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Craig Kerstiens

Redis in my Postgres

Yesterday there was a post which hit Hacker News that talked about using SQL to access Mongo. While this is powerful I think much of the true value was entirely missed within the post.

SQL is an expressive language, though people are often okay with accessing Mongo data through its own ORM. The real value is that you could actually query the data from within Postgres then join across your data stores, without having to do some ETL process to move data around. Think… joining sales data from Postgres with user reviews stored in Mongo or searching for visits to a website (retained in redis) against purchases by user in Postgres.

The mechanism pointed out was a MongoDB Foreign Data Wrapper. A Foreign Data Wrapper or FDW essentially lets you connect to an external datastore from within a Postgres database. In addition to the Mongo FDW released the other day there’s many others. For example Postgres 9.0 and up ships with one called db_link, which lets you query and join across two different Postgres databases. Beyond that there’s support for a variety of other data stores including some you may have never expected:

Lets look at actually getting the Redis one running then see what some of the power of it really looks like. First we have to get the code then build it:

git clone git:// cd hiredis make sudo make install

Then download the FDW from PGXN

PATH=/Applications/$PATH USE_PGXS=1 make
sudo PATH=/Applications/$PATH USE_PGXS=1 make install

Now you’ll want to connect to your Postgres database, using psql and enable the extension, and finally create your foreign table to your redis server. This is assuming a locally running redis, though you could connect to a remote just as easily:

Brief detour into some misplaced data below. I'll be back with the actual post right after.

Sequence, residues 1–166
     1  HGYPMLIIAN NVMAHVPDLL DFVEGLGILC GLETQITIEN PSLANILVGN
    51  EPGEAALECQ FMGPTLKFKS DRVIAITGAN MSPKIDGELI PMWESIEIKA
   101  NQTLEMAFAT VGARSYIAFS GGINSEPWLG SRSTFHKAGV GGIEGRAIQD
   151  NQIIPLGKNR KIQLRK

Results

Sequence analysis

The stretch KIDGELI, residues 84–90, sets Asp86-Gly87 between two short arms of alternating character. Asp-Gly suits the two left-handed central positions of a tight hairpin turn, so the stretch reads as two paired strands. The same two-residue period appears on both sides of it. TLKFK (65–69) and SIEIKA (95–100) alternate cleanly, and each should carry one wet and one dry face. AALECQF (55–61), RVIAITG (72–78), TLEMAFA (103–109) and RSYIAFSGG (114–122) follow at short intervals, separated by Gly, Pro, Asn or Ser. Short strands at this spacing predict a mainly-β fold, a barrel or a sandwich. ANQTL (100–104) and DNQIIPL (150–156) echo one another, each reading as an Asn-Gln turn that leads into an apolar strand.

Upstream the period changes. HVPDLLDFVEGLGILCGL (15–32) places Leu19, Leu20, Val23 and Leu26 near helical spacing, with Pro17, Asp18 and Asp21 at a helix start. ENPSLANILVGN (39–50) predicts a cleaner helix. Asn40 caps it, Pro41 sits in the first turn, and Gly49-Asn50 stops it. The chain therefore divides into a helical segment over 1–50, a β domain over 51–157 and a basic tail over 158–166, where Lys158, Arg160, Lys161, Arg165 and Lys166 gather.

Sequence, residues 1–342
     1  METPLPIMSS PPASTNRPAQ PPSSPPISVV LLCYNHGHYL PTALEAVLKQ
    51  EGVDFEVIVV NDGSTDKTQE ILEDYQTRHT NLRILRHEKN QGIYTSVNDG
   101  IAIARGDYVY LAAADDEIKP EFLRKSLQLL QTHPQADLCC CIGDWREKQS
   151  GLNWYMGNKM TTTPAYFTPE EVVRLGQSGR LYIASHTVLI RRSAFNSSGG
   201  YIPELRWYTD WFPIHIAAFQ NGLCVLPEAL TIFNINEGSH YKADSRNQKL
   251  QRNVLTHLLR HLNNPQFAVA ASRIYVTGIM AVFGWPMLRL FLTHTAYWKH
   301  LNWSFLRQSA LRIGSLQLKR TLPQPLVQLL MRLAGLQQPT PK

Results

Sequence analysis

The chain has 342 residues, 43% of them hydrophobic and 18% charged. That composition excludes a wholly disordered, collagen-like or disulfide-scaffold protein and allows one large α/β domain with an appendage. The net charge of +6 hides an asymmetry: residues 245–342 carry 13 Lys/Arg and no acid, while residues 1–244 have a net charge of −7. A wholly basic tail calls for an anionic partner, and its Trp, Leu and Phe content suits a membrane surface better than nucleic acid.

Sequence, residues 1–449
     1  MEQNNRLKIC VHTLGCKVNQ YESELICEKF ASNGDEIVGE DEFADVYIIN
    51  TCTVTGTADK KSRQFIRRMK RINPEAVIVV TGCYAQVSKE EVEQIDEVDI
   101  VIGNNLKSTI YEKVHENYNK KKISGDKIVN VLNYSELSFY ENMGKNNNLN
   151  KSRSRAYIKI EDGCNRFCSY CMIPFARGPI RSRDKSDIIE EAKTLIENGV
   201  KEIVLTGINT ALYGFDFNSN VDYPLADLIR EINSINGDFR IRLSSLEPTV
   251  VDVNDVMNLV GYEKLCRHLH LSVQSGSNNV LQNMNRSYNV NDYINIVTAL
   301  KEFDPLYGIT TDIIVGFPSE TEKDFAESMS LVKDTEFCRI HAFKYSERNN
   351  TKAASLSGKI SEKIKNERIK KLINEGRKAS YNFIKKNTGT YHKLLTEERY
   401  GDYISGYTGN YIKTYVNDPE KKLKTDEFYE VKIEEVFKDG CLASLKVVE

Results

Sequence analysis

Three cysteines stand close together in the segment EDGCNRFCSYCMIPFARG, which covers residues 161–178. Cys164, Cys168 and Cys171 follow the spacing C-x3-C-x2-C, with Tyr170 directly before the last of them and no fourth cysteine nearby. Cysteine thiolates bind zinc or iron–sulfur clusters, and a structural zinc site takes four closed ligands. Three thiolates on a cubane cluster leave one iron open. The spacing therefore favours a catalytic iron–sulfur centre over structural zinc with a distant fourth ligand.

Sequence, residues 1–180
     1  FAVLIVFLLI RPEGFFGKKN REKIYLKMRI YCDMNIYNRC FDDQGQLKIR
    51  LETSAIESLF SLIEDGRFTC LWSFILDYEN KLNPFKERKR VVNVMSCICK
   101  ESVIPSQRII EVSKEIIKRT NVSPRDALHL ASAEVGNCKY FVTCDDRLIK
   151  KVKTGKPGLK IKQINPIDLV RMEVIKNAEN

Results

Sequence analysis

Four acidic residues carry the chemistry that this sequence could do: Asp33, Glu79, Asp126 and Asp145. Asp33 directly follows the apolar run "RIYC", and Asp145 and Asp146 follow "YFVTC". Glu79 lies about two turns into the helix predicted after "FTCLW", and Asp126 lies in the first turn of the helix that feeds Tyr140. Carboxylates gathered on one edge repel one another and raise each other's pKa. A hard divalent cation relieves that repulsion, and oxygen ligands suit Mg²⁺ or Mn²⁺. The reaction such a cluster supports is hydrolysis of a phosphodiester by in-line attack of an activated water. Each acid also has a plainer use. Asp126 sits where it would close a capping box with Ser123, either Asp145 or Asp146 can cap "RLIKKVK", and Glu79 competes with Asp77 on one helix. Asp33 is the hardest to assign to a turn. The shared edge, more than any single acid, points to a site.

CREATE SERVER redis_server 
    OPTIONS (address '', port '6379');

CREATE FOREIGN TABLE redis_db0 (key text, value text) 
    SERVER redis_server
    OPTIONS (database '0');

    SERVER redis_server
    OPTIONS (password 'secret');

With dt we can now see the list of all of our tables:

# \dt
         List of relations
 Schema |   Name    | Type  | Owner 
 public | products  | table | craig
 public | purchases | table | craig
 public | users     | table | craig
(3 rows)

And with a full \d we can see not just the tables but also see we have a foreign table as well:

# \d
                 List of relations
 Schema |       Name       |     Type      | Owner 
 public | products         | table         | craig
 public | purchases        | table         | craig
 public | redis_db0        | foreign table | craig
 public | users            | table         | craig
(4 rows)

Finally we can actually query against it:

# SELECT * from redis_db0 limit 5;   
   key   | value 
 user_40 | 44
 user_41 | 32
 user_42 | 11
 user_43 | 3
 user_80 | 7
(5 rows)

Or more interestingly we can join it against other parts of our data and filter accordingly. Below we’ll show users that have logged in at least 40 times:

  value as visits 
      ('user_' || cast(id as text)) = cast(redis_db0.key as text) 
  AND cast(value as int) > 40;

 id |           email            | visits 
 40 | | 44
 44 |     | 44
 46 |    | 44
 47 | | 44
 12 |        | 49
 14 |  | 47
 16 |       | 48
 18 |  | 44
 31 |  | 46
 39 |     | 47
  2 |      | 48
  6 |    | 41
(12 rows)

While several of the current FDWs are not production ready yet, some are more battle tested including db_link, textfile, ODBC and MySQL ones.